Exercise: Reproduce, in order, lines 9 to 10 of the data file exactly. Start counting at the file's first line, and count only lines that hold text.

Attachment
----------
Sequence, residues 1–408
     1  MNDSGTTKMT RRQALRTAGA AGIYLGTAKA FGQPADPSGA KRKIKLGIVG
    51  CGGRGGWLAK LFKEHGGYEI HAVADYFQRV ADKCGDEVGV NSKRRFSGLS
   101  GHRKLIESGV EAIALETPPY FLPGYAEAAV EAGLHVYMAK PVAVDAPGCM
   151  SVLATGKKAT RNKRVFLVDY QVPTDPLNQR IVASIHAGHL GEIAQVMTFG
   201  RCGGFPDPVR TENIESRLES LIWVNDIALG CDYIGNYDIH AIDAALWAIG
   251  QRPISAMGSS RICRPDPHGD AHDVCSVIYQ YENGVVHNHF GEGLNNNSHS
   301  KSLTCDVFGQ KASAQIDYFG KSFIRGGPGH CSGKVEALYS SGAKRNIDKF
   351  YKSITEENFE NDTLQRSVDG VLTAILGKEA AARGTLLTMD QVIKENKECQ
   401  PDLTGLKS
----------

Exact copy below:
   351  YKSITEENFE NDTLQRSVDG VLTAILGKEA AARGTLLTMD QVIKENKECQ
   401  PDLTGLKS